Following her suspension, she tried to disappear the offending posts, but did post about the situation. She defends herself as an educator, points out the rush to disseminate only the negative she said, and points out that either parents or students went digging for the blog so they could use it to attack her. Even in this blog, she substitutes a 0 for an O at one point. Since I blog on blogger, I'll point out that there is a spell-checker, and that it's very good. Also, blogger has a button that allows you to preview your blog, as it will appear online. Again; draft, revise, publish.

In an interview with the Bucks County Courier Times she notes that it seems that there is "less accountability on students while (teachers) are forced to explain everything they do". I think she's right, and I applaud her for being a truth-teller. I think she's saying things that almost all educators, especially in middle and high schools, would support (even if they don't like the original things she said).

Anyway, lets get back to this blog of hers, shall we? I think the students who are out to get her (and who are dumb enough to comment on the blog), actually prove her point about entitlement (and poor grammar).

Some of my favorites with commentary:

Jokes on you because this link is being cycled throughout the students of CB East via facebook. Have fun applying for unemployment. Sincerely, "cooperative in class."
Um, wrong "Jokes" big guy. I think you meant "Joke's", as in "Joke is". Well played, genius, well played.

Then this piece of scat. I've edited the nastier bits of misdirected anger:

ConcernedStudent said... Why would you waste your time blogging about how we are belligerent f*cks (you spelled belligerent wrong dumb*ss)? You should be spending your time helping out students instead of insulting them on here. You have cheated, screwed, and under-cut every single one of your students this year. And i speak for everyone when i say you were a douche to all of your students in class and made no effort to help any of us achieve our academic goals. Maybe you should learn to teach and be compassionate with your students. Respect goes a long way, and the only way people will respect you is if you respect them (too late). Have a nice life. Good luck with the inner-city sh*thole they call a school in philly.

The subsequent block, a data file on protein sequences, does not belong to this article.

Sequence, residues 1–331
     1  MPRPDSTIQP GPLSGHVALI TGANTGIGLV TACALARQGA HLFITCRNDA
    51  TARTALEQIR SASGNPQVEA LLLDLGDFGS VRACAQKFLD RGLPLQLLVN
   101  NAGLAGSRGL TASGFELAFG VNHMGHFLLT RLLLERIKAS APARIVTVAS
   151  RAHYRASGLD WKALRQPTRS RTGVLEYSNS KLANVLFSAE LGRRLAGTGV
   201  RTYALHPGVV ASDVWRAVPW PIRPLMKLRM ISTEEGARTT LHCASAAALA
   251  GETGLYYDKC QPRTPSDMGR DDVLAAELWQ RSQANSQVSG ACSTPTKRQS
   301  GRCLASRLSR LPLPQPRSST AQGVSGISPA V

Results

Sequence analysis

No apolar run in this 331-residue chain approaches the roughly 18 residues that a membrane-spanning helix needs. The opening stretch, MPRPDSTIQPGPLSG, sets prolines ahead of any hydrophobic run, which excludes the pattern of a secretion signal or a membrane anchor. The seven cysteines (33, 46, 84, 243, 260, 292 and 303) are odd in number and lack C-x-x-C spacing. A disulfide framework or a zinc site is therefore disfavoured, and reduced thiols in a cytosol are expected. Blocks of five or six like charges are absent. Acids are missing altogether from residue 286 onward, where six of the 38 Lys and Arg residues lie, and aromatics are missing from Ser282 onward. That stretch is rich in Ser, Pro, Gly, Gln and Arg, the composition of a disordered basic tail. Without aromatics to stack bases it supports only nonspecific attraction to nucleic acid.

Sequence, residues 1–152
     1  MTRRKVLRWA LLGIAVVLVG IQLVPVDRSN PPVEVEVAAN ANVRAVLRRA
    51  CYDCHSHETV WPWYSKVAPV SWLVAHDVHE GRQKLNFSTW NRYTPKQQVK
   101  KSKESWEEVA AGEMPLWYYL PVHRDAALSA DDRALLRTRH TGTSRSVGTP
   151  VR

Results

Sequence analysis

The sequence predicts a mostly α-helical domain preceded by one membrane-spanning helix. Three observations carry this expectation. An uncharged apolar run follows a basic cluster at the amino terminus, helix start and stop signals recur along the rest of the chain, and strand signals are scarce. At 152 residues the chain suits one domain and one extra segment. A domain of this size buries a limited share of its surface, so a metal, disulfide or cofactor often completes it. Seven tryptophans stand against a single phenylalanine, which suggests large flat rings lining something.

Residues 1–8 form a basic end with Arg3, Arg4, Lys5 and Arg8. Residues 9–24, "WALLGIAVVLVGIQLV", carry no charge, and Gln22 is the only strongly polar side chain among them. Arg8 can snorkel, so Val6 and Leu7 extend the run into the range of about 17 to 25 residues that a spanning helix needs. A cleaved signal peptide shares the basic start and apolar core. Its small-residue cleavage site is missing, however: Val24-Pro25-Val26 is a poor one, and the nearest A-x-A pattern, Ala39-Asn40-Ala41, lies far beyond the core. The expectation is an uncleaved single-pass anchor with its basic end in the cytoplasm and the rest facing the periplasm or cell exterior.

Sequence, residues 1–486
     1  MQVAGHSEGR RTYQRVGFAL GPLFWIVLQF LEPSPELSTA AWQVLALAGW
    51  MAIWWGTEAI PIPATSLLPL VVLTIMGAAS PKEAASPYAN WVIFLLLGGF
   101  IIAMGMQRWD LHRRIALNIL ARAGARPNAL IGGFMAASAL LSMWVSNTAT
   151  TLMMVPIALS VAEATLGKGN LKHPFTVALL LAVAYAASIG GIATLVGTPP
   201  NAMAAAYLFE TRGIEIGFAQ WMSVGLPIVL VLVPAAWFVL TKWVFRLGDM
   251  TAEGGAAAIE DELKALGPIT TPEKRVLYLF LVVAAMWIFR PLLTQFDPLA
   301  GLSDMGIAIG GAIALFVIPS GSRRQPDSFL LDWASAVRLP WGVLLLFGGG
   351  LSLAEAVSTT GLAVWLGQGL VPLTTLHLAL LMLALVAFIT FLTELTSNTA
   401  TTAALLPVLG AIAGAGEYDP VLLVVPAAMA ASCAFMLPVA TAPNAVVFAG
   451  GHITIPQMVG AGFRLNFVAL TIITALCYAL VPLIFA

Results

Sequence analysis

Where can I begin? So many things to comment on. You know what this calls for? A numbered list of criticisms!

1. The parenthetical thought is awkward because it is a statement, but it follows a question.
2. You know that "I" is a capital letter when it stands alone, right?
3. The assumption that she will be fired.
4. More capitalization problems; "philly" also needs a capital letter.

I've saved the "best" for last. Sorry about the length, but I think Mr. Shoolbraid's thoughts are just too good to avoid. Actually, you know what, I think I'll break his thoughts up, so we can really pick apart his thinking.
Dear... you, Hey, I remember you. This is Jeff Shoolbraid talking, just so you know I'm not hiding behind a computer screen and just randomly bashing you.
Good start, glad that you're not randomly bashing. Bashing is better when it's not random. I would take issue with your assertion that you're not hiding behind a computer screen, since that is just very nearly the only place from which you can comment on a blog.
I'm not sure if you remember me, but you were by far the worst teacher I've ever had because you were simply a c*nt.
You're a bad teacher not for any given reason,but because of what you are. Classy, and well reasoned.
Turns out my assumption was correct.
What assumption?
Though, if I just sit here and call you names and such it really doesn't prove any points and makes me essentially as unintelligent as you.
And you have proven your own point.
It also doesn't really solve too much, but now that it's out of the way, here are my just as pointless two cents: Students can be a pain, but it's your job to deal with them. So this means it's your job to deal with the assholes, weird kids, drama queens, quiet kids, and so on.
I actually agree with Mr. Shoolbraid for this part.
The students, on the other hand, don't really owe you anything. You see, as a teacher, the world should not revolve around you. You should revolve around the students' lives. Sure, maybe kids treat you like shit, or don't give a shit in general as far as the class goes, but you have to remember the demographic here.
Um, you know how you're on a blog, complaining that this adult is complaining about you? You've kind of just proven her point.
You're teaching high school kids. These are the rebellious/self involved/self discovering times in there lives. They are transitioning from being kids to adults. So sorry if they don't exactly know how to go about being interested in a high school English class. You need to give them a reason to give a f*ck, and this starts with showing respect to them, which involves a little bit of extra work on your part.
Um, yes, respect is important. You need to respect her, and then she should repay that in kind. However, I would put forth the idea that Ms. Munroe did show respect in that she didn't aim her anger at any one student. Unlike you. Also, transitioning to adulthood is not an excuse for not using the right "there/their".
Though, if you're not willing to do that, I don't blame you. I for one don't know what it's like from a teacher's prospective like yours, and I'd believe you if you said it was tough. Maybe teaching isn't cut out for you though. It doesn't give you the right to virtually abuse your class via an internet blog, which is just tacky by the way. It also doesn't give you the right to rob you students of a solid high school education.